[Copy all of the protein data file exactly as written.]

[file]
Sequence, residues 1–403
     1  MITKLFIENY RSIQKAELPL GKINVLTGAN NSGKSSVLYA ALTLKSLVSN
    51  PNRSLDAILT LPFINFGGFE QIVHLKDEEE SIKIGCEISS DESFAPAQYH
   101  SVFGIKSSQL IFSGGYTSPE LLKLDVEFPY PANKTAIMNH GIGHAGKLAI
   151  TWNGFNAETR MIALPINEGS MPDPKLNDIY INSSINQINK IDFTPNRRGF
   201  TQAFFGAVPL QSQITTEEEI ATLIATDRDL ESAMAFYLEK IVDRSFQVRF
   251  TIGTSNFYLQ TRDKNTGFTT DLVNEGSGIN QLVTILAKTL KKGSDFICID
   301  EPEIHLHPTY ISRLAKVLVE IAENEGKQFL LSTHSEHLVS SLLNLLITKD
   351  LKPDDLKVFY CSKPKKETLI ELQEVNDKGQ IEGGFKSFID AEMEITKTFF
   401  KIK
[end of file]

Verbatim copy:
Sequence, residues 1–403
     1  MITKLFIENY RSIQKAELPL GKINVLTGAN NSGKSSVLYA ALTLKSLVSN
    51  PNRSLDAILT LPFINFGGFE QIVHLKDEEE SIKIGCEISS DESFAPAQYH
   101  SVFGIKSSQL IFSGGYTSPE LLKLDVEFPY PANKTAIMNH GIGHAGKLAI
   151  TWNGFNAETR MIALPINEGS MPDPKLNDIY INSSINQINK IDFTPNRRGF
   201  TQAFFGAVPL QSQITTEEEI ATLIATDRDL ESAMAFYLEK IVDRSFQVRF
   251  TIGTSNFYLQ TRDKNTGFTT DLVNEGSGIN QLVTILAKTL KKGSDFICID
   301  EPEIHLHPTY ISRLAKVLVE IAENEGKQFL LSTHSEHLVS SLLNLLITKD
   351  LKPDDLKVFY CSKPKKETLI ELQEVNDKGQ IEGGFKSFID AEMEITKTFF
   401  KIK